Mirror’s Edge: Catalyst beta impressions

(I would’ve written about this earlier, except I was under the impression that there was an NDA for closed-beta members.  However, Kotaku just opened up a thread about the beta, and someone there told me that there was no NDA and that EA was actively promoting player streams on Twitter, so: my mistake!)

Unlike other betas in which it’s obvious that the developers are stress-testing their multiplayer servers and getting a feel for how players are reacting to weapons and such, I’m not sure what the purpose of the Mirror’s Edge beta was for, beyond giving franchise fans a sneak peak of this long-awaited sequel.  To be fair, I only had the chance to play it for an hour or so and so I didn’t run across (sorry) any multiplayer options; I suspect there would be some sort of leaderboard for time trials, but that isn’t necessarily something that needs stress-testing.

As someone who admired the first game for its relative strengths but didn’t finish it because the combat was overwhelmingly stupid and awful, I can’t necessarily articulate what it is that I’d want from a sequel – beyond getting rid of the gunplay.  I don’t remember much of the larger narrative from the first game; all I do remember, frankly, is the incredible visual style and the often-exhilarating parkour.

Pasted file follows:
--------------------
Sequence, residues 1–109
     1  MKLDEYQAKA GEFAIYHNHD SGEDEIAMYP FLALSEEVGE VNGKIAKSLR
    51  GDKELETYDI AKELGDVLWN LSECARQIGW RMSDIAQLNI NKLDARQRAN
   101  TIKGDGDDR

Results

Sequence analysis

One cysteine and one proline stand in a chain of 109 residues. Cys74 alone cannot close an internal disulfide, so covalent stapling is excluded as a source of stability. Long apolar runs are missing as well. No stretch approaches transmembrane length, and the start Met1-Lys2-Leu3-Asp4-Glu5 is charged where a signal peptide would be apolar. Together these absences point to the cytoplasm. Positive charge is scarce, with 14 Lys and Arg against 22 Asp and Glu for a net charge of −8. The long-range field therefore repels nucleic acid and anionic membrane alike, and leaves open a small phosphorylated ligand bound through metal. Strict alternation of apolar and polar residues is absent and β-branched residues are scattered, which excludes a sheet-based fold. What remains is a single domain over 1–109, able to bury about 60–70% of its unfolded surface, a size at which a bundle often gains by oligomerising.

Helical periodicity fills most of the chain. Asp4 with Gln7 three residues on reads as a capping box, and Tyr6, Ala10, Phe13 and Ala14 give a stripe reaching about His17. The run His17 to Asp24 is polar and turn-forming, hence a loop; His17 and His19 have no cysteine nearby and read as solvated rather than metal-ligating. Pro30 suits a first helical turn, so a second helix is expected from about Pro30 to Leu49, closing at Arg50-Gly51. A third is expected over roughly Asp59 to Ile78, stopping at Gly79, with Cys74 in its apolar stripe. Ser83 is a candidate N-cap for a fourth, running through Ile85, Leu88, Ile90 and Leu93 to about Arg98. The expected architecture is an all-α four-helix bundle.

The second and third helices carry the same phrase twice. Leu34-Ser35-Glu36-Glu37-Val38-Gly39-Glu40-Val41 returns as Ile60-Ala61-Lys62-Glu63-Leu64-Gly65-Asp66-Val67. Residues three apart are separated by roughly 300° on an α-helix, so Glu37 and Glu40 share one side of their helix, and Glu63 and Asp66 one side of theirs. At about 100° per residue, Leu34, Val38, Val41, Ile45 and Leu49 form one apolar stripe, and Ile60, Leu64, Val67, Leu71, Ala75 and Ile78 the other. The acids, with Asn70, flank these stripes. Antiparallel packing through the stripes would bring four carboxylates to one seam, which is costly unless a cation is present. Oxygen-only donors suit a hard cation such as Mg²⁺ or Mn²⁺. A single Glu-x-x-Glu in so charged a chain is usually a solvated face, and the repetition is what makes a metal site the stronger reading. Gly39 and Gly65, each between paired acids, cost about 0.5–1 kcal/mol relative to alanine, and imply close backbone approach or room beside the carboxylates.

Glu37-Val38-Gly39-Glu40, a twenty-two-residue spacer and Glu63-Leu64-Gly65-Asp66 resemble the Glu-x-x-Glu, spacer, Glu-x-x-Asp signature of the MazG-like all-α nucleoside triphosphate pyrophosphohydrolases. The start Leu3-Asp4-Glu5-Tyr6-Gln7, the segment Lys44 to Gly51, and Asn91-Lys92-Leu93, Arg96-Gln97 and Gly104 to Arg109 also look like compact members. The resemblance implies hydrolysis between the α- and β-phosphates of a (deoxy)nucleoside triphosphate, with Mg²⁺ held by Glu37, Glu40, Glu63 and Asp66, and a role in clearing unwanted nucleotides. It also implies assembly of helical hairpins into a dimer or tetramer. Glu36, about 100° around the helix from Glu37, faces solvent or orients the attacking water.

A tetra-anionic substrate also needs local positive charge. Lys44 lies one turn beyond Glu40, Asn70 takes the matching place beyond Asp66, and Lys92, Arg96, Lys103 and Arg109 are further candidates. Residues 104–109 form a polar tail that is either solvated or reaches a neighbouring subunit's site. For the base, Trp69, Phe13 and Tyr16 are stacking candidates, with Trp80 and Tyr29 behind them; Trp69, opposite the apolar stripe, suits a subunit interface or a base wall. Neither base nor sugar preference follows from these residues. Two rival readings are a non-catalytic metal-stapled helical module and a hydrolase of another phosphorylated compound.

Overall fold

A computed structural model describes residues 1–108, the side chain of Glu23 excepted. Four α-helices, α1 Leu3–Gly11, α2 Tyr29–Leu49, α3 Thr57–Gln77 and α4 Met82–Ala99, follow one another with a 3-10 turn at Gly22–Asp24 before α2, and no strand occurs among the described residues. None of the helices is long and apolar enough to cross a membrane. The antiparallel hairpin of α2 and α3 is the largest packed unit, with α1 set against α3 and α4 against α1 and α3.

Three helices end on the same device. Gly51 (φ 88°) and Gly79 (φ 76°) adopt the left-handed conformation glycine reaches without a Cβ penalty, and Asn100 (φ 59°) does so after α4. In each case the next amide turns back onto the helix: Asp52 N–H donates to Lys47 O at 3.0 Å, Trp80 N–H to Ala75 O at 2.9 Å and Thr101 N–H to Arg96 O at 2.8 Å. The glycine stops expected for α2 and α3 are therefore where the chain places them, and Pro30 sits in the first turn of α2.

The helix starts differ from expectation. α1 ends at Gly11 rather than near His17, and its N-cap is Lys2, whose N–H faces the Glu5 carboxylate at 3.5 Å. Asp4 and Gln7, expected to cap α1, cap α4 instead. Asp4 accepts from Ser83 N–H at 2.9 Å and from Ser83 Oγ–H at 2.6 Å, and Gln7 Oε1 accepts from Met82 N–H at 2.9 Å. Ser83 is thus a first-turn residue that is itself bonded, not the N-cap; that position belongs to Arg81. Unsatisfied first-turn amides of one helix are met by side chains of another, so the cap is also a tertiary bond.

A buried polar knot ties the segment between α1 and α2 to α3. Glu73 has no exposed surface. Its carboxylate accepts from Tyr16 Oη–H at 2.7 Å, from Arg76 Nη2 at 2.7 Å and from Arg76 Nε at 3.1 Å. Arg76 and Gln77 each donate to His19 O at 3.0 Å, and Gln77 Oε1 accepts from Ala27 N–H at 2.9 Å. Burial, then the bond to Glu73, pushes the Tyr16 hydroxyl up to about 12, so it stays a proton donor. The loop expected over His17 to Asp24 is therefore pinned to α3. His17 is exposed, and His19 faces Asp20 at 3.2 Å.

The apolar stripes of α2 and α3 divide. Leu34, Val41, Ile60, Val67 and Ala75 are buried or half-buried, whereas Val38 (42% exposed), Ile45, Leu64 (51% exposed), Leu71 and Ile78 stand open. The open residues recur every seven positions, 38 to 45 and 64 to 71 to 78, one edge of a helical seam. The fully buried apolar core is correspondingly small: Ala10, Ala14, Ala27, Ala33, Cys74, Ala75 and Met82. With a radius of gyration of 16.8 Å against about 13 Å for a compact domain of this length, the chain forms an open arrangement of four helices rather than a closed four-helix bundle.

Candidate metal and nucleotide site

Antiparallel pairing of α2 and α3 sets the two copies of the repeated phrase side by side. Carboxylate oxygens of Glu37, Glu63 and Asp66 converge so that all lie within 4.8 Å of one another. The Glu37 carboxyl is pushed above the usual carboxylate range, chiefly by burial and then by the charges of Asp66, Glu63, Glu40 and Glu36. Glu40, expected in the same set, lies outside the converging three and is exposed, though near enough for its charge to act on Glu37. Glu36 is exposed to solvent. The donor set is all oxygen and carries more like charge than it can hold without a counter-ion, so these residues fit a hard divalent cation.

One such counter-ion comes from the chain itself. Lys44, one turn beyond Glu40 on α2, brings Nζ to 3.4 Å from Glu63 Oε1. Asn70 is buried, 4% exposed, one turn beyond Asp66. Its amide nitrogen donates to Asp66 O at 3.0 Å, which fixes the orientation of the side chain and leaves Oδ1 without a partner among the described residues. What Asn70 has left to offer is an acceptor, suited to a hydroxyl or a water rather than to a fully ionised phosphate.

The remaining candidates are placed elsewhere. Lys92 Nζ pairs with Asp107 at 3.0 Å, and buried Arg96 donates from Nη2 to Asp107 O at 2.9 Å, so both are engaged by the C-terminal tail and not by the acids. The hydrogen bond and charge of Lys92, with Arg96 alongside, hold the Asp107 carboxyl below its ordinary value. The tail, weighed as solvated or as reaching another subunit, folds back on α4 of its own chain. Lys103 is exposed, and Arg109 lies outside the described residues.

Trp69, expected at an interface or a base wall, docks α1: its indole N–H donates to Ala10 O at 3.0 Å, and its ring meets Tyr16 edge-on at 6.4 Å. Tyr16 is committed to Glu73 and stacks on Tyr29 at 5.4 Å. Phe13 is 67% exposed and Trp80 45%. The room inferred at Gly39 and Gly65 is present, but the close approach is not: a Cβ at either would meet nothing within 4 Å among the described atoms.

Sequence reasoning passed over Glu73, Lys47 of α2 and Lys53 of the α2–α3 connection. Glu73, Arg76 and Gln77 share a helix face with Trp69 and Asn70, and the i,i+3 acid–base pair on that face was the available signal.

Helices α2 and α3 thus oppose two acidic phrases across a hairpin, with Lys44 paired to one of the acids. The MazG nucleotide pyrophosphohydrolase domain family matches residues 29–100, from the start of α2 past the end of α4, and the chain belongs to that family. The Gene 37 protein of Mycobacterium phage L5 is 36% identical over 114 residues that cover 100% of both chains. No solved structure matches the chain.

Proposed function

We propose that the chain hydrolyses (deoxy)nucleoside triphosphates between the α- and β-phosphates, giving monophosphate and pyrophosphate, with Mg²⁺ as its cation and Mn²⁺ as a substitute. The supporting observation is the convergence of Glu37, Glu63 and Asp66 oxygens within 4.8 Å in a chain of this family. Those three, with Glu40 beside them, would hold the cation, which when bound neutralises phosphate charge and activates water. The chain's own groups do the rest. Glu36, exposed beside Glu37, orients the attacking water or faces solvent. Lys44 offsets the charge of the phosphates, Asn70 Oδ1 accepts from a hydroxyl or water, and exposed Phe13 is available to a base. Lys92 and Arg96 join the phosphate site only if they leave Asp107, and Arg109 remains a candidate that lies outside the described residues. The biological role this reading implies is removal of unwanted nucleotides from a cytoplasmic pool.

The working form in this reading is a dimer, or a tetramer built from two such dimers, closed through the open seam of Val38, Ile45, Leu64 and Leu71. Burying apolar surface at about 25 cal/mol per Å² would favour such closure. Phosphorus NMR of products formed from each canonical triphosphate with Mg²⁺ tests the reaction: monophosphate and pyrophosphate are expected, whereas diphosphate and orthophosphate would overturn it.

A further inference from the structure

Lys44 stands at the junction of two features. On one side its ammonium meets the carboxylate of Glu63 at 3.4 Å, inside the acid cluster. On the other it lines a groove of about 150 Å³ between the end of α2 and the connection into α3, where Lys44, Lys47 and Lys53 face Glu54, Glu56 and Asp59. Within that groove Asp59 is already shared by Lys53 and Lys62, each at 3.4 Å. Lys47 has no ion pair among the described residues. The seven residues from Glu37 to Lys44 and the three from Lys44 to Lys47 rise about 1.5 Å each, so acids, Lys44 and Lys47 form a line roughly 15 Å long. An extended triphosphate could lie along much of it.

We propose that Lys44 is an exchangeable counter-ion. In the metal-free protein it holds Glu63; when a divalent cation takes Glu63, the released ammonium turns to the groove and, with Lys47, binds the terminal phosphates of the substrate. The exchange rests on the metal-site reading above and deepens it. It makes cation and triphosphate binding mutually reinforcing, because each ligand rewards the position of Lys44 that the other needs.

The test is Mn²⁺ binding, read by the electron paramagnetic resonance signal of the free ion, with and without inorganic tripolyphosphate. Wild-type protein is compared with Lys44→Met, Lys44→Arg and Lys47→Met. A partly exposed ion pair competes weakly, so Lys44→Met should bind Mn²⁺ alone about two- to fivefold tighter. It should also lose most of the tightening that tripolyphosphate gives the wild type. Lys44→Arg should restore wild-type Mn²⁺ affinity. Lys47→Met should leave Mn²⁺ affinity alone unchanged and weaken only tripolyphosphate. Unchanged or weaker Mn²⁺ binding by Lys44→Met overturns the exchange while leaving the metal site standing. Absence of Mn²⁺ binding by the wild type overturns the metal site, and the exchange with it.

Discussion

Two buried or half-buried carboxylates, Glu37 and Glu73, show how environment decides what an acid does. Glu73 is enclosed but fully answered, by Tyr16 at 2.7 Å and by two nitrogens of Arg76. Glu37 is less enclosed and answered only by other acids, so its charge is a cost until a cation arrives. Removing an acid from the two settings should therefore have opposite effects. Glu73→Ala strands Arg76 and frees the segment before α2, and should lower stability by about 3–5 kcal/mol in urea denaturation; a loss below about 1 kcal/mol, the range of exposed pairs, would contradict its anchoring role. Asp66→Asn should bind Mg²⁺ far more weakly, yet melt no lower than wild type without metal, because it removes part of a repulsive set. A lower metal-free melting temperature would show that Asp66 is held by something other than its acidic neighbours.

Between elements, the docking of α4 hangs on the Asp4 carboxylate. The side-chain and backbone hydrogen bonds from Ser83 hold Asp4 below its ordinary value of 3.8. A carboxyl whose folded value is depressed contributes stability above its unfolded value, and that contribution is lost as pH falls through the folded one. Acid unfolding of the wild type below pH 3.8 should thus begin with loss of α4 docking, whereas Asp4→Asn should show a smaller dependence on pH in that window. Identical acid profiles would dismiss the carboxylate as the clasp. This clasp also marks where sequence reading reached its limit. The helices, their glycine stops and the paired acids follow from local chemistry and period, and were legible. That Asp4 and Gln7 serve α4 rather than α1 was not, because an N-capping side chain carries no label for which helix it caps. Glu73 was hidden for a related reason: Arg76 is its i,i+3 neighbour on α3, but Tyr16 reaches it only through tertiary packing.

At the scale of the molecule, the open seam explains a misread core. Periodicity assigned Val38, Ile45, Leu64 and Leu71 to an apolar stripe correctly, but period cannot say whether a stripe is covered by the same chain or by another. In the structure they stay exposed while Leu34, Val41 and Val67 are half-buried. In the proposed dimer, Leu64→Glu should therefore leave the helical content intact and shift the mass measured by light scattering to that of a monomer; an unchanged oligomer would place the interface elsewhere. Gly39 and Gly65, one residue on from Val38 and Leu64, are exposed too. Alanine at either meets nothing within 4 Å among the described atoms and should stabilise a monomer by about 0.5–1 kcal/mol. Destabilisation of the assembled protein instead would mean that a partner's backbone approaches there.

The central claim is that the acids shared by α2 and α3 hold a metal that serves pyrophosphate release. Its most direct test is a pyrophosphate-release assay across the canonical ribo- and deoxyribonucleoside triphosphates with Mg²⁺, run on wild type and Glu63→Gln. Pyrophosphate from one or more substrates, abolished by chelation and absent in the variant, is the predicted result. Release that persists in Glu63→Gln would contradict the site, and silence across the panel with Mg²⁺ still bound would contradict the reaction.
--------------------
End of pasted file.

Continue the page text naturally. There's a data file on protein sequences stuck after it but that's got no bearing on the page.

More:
To that end, I’m not sure that Catalyst delivers.  The graphics are not as pristine as I’d expect them to be – but then, this is a beta, and I’m sure there’s quite a bit more spit and polish left before the game goes gold.  The free-running feels essentially the same, even if the control scheme isn’t quite as intuitive as I’d like (lots of L1 and L2 on the PS4 controller, with the face buttons used for hand-to-hand combat).

My biggest issue with the game, though, is that it feels very much like it’s trying to be an Assassin’s Creed clone, and not a particularly interesting one at that.  It has that same quasi-open-world feel and the same skill-tree system of upgrades, but it feels clumsy in my hands.  More to the point, the writing is awful.  Everybody is annoying, uninteresting, speaking the same cliched game-dialogue we’ve all heard for years.  The first person Faith meets when she gets out of [prison?] is the same annoying-new-guy stock character we’ve seen a million times.  I have no idea why I’m doing anything, nor do I know why I have to do it so quickly.  The mission designs, at least the few that I played through, are all standard cookie-cutter missions – collect a bunch of things, deliver them to point A, evade your pursuers.  The time trial stuff is fun in principle, though it’s silly from a narrative point – I understand the need to tutorialize for the new player, but if Faith is this legendary free-runner, why does she need to prove herself to anybody – even if she was in prison?

I’d like to say I’m still cautiously optimistic, but I’m not sure that the problems I’m seeing here are the sorts of things that can be fixed by June.

Author: Jeremy Voss

Musician, wanna-be writer, suburban husband and father. I'll occasionally tweet from @couchshouts. You can find me on XBL, PSN and Steam as JervoNYC.

Leave a Reply

Fill in your details below or click an icon to log in:

WordPress.com Logo

You are commenting using your WordPress.com account. Log Out /  Change )

Twitter picture

You are commenting using your Twitter account. Log Out /  Change )

Facebook photo

You are commenting using your Facebook account. Log Out /  Change )

Connecting to %s

This site uses Akismet to reduce spam. Learn how your comment data is processed.

%d bloggers like this: